Mitigating the Toxic Leaders of Tailhook 91 Essay

Mitigating the Toxic Leaders of Tailhook 91 - Essay Example The Tailhook Association was initiated in 1956 during a reunion event in Mexico where aviators from different fleets met. The membership grew rapidly to over sixteen thousand members in 1991. General membership incorporated active aviators, those retired as well as civilians. As indicated the Tailhook represents a political and social situation that incorporated active as well as retired Naval and Marine Corps aviators of different ranks and grades and from different departments of the Department of Defense. In real essence, the entire story is about the disturbing events within the 35th Annual symposium that was organized by Tailhook Association in 1991. The association is recognized for a number of activities one of which includes organizing annual symposium that brings together different members of the association. Most of the social activities took place on the squadron hospitality suites in Las Vegas Hilton. The events that took place during the symposium is what triggered the T ailhook investigations. The investigations were initiated following rampant accusations made by the females in attendance concerning the indecent behavior and assaults of junior officers as well as senior officers towards the female attendees. Several issues should be reviewed and followed by appropriate correction.The toxic leaders in the Tailhook Association annual symposium ’91 were recognized as top ranking navy officials alongside other junior officers who were involved in sexually-related activities.

Sunday, February 2, 2020

Consent and learning disability Essay Example | Topics and Well Written Essays - 2500 words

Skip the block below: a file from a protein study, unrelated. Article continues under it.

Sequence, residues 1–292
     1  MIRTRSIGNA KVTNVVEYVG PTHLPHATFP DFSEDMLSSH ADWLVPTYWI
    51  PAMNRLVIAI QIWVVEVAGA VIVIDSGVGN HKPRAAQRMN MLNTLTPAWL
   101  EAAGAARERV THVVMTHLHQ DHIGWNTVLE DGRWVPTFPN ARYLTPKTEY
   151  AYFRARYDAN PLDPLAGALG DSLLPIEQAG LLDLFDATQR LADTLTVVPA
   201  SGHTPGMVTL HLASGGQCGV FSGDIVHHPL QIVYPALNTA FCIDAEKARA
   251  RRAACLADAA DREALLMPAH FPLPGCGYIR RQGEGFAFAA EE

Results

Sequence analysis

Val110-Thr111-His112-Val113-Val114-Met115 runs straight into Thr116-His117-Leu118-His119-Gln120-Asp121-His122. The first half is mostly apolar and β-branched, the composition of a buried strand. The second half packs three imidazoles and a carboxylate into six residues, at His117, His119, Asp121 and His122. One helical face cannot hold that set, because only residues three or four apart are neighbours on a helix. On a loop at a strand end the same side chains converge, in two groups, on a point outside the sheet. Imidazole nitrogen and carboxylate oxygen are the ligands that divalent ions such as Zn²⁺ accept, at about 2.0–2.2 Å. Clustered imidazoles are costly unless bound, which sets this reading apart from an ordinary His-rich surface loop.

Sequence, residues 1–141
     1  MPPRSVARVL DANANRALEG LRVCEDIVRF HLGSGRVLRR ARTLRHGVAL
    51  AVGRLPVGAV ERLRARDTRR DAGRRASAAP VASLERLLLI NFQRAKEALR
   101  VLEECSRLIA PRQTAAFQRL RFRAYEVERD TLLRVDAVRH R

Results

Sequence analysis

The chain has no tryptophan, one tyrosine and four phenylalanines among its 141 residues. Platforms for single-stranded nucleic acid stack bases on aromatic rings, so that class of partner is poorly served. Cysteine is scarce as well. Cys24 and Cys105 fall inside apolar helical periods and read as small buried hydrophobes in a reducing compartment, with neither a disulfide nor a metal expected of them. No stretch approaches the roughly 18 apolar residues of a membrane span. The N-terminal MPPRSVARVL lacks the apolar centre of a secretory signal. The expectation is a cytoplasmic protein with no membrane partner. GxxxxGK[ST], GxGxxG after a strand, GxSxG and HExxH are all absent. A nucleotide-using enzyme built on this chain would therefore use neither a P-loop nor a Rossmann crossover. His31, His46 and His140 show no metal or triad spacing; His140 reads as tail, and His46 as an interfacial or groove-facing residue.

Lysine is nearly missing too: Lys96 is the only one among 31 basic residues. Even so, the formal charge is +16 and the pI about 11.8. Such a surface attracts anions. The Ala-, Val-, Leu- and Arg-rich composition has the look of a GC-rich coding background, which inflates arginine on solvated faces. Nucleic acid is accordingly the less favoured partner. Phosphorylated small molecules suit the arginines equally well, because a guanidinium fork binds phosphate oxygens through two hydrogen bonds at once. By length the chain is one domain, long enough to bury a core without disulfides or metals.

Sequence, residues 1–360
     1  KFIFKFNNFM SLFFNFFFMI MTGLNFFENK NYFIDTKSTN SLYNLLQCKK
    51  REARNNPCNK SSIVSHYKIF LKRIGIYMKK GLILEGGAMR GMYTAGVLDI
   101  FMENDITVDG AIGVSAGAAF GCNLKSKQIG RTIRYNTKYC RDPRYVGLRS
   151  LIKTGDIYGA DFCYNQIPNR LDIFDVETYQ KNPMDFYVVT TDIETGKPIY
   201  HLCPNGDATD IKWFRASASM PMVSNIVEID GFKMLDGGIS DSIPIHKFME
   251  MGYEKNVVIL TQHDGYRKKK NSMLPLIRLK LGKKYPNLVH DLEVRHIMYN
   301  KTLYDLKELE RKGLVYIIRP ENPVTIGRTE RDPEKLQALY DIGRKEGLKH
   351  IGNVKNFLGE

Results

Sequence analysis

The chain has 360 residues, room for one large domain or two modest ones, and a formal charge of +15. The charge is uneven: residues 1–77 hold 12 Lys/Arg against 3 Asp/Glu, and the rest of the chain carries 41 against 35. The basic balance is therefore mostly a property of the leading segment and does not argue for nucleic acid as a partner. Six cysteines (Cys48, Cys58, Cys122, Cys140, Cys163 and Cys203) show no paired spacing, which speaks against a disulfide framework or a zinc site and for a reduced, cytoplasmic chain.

Consent and learning disability - Essay Example People with learning disabilities may have difficulty with the second key component. Yet as part of their autonomy requirements consent cannot be denied to them and it is essential that there is an understanding of the manner in which their autonomy can be enhanced and not compromised. With more and more people with learning disabilities in the United Kingdom seeking generic health care services, as a result of the policies of the health care authorities, consent with regard to people with learning difficulties becomes a significant issue for professionals involved with providing health care services to people with learning difficulties (Brittle, 2004). In the United Kingdom nearly one-and-half million people are estimated to be affected by learning disabilities. Two factors need to be considered when addressing people with learning difficulties. The first is that learning difficulty remains with these individuals throughout the course of their life and the second is that these individuals have their own likes and dislikes, history and opinions and possess the same rights like any other citizen of the United Kingdom. The Royal College of Nursing Learning Disability Nursing Forum, 2006, relates learning difficulties to those individuals, who demonstrate the characteristics of â€Å"a significant impairment of intelligence, a significant impairment of adaptive function and age of onset before adulthood† (The Royal College of Nursing Learning Disability Nursing Forum, 2006). There are no laboratory tests or imaging tests that form the basis of identifying individuals with learning tests. The measure of intelligence based on cognitive assessment, whereby the intelligence quotient (IQ) score is ascertained, is the means to identifying people with learning difficulties. Such IQ tests evaluate the abilities of an individual in areas such as comprehension, expression, knowledge, abstract thinking, memory and problem-solving skills. These tests are normally